Flores medical - multisonic - Inhalation mit Ultraschall

Local anaesthesia

Securing the airway during general anaesthesia in patients with difficuIt-to-manage airways poses a risk to the patient and presents challenges for the anaesthesiologist.

Awake fibreoptic intubation is the safest approach to airway management in patients with known difficult airway. Procedures not involving sedation may require to give the patients detailed verbal explanations for them to be able to cope with the emotional stress, but allow full patient cooperation. And with the patient cooperative, intubation is much easier.

However, intubation is usually carried out under topical anaesthesia or light sedation. Upper airway anaesthesia should be administered to a level sufficient to suppress the gag, swallow and cough reflexes, and to avoid painful moments.

There are many ways of administering anaesthesia for fibreoptic intubation via the oral or nasal route. Systemic analgosedation, topical and regional anaesthesia, as well as combinations thereof are used.
Preparations for nasotracheal intubations should include instilling a vasoconstrictor into the nasal cavities in order to reduce mucosal edema.

Glossopharyngeal and superior laryngeal nerve blocks are often difficult to perform and may involve damage to nerves, whereas high doses up to the maximum dose of topical anaesthetics may be needed if the agents are administered in the form of gargles, sprays, lozenges, creams, or impregnated swabs. None of these two approaches effectuates an anaesthesized trachea distal to the glottis. Topical administration of anaesthetic agents makes it difficult to say whether or not the larynx was adequately anaesthesized. Laryngeal anaesthesia may be provided by translaryngeal injection, via the working channel of the flexible bronchoscope, or via a (e.g. epidural) catheter inserted therethrough at end-exspiration and under the anaesthesiologist’s direct vision. Both methods are likely to induce cough in the patient.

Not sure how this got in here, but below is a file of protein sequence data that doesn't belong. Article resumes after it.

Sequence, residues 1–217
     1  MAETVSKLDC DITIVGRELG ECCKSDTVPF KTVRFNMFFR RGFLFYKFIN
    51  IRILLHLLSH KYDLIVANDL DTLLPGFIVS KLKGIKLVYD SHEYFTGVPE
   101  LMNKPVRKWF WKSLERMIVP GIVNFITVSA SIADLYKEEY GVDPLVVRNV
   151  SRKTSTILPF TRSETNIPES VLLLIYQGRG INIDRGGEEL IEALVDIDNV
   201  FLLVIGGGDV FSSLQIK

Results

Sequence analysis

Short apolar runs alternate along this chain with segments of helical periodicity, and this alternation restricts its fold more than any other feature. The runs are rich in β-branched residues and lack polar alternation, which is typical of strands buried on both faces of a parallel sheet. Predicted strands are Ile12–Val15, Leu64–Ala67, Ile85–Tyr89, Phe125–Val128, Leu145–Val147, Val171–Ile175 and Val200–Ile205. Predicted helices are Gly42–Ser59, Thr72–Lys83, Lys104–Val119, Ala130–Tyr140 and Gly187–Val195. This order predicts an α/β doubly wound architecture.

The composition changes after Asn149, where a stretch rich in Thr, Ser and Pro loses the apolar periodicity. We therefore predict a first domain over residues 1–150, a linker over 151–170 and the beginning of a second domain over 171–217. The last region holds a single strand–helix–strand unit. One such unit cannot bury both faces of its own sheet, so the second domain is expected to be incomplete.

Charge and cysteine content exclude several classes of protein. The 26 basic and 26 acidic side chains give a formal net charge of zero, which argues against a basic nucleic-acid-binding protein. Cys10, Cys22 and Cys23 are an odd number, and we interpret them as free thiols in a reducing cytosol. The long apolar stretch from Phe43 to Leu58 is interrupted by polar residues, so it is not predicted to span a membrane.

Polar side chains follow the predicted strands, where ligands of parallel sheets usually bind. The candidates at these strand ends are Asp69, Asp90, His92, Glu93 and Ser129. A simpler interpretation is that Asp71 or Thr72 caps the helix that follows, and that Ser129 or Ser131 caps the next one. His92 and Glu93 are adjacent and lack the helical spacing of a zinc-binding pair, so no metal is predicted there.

A solution to the problem is to nebulize the locally applied anaesthetic. Customary compressed-air driven jet nebulizers only atomize highly concentrated anaesthetics (e.g. lidocaine 4-10%), so that the maximum dose of local anaesthetic is achieved within a short period of time.

We describe the use of an ultrasonic nebulizer (Flores medical GmbH, Probstzella, Germany), that has been designed to deliver liquid medication in the form of a very fine mist containing droplets with an average diameter of just 3.5 urn to the airways. Ultrasonic nebulizers are often used in the treatment of pulmonary hypertension [9]]. An adapter that is to be fit to the nebulizer enables its easy integration into the breathing circuit. This arrangement involving integrating the nebulizer device into the anaesthesia breathing circuit comprising a customary breathing mask which the patient himself/herself holds over the mouth and nose provides the delivery of a sufficient dose of local anaesthetic only during inspiration as well as optimum pre-oxygenation.

In the practice-use, suppression of gag and cough reflexes was obtained by using 100 mg of lidocaine. Thanks to the active cooperation of the patients, i.e. they stuck out their tongues and raised the floor of the mouth the pharyngeal lumen was fully open. This manoeuvre has essentially improved the view during endoscopy and made it so much easier to perform intubation.

The procedure was described in an abstract, that was introduced at the ESA congress in Copenhagen in May 2008.

InfraControl mit Maske direkt
InfraControl mit Gaensegurgel und Maske
InfraControl Bronchoskopie